For decades, Tenth has cast a longing eye toward the property next door. After all, it represents the only way Tenth could ever expand onto adjacent space. Each successive senior minister has explicitly prayed that at the right time God would give us the building.
A month from now, on January 11, we’ll be asked as a congregation to vote on whether to purchase the building. Is this the right time? Why now? That’s the question that loops through my mind as I think through this year.
At our congregational meeting last December, we constituted a committee to think about how best to renovate the 1716 building, which we had just purchased from the Alliance. I was assigned to the committee, but before the committee’s first meeting, before we spent any money on architects or feasibility studies, our neighbors told us they wanted to sell the long-desired 1710–12 property. Chairman Frank Harder moved that we pause discussions on 1716 and prayerfully assess this new opportunity.
We resolved to go carefully, even gingerly, forward. Liam visited each parish to report on the opportunity and ask for prayer. At the same time, George McFarland enlisted congregants to join his Band of Gideons, which committed to pray steadfastly about what we should do. Meanwhile, Frank enlisted the real estate professionals on the committee to help evaluate the property.
With over 12,000 net square feet of usable space, the 1710–12 building and its attendant carriage house offer more room than the 1716 and 315 buildings combined. And because the carriage house abuts our current nursery, it would allow us to seamlessly expand our current footprint. To have everyone together in one space is enticing. Member Liz Voboril, reflecting on the value of a connected campus, said, “I think about it the way a mom often wants to have all her adult kids under the same roof when home for Christmas. The community that you build through hallway hellos, opening doors, and mingling in common space is priceless.”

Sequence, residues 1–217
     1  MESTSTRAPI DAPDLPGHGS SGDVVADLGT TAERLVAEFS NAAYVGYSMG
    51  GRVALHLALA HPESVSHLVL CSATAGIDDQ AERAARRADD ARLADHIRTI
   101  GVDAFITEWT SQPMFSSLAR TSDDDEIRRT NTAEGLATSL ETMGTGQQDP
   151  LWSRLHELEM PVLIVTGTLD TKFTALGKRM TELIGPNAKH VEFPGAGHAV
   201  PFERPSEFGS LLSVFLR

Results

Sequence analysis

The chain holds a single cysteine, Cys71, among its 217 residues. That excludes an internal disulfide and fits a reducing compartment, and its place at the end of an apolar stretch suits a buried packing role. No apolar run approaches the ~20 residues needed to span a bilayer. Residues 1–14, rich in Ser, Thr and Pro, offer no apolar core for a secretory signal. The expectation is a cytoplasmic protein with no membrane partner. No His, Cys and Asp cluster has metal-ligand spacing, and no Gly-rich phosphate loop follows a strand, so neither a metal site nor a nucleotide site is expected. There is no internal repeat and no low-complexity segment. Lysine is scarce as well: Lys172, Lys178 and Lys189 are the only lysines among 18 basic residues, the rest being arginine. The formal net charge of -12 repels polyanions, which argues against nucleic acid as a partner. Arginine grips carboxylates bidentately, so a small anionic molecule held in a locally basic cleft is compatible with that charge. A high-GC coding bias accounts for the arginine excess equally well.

The initial asking price of $5.45 million seemed more than we could countenance. But after weeks of conversation and negotiation, we have the opportunity to purchase it for $5.3 million, with the sellers making a very generous contribution that lowers our net price to $4.15 million. If you’re like me, any price ending in “millions” seems staggering but, for comparison, a smaller single-family home a block from the church is currently selling for $4.75 million. We are looking at an exceptional deal.
But in a year when we need to trim budgets, even an exceptional deal might seem too much to manage. Providentially though, the sellers have asked to lease the property for six months or more, and the trustees have found such affordable financing that the rental income should cover the costs of ownership for the entire first year. As Clive Stockdale noted, just when you think it couldn’t get any better, it does.
The Building and Tenth
People ask how, in a year of church trauma and budget cuts, we could contemplate such a purchase, but perhaps that’s the wrong question. Maybe we need to ask why, in the midst of such a year, God has put the building before us.
I can’t help but wonder: what does he have for us to do? In the decade since our last strategic plan, many in our neighborhood have become more affluent. But while the average income of families living near the church now stands above $200,000, they need Jesus just as much as ever. How do we connect with all our neighbors, the prosperous as well as the homeless? We need to struggle with that. Could it be that God wants us to have this building, a building more elegant than we would ever have built, as a tool for outreach? Could it be that just when we are most distracted, he wants us to focus again on what it means to minister in the city?
Why now? Of course, we can’t know the answer, but we can take it to the Lord in prayer. In the month we have before the vote, let’s commit ourselves to praying, asking God to give us one mind and to give us his heart for the city.
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Please include the following statement on any distributed copy: By Terri Taylor. © 2020 Tenth Presbyterian Church. Website: tenth.org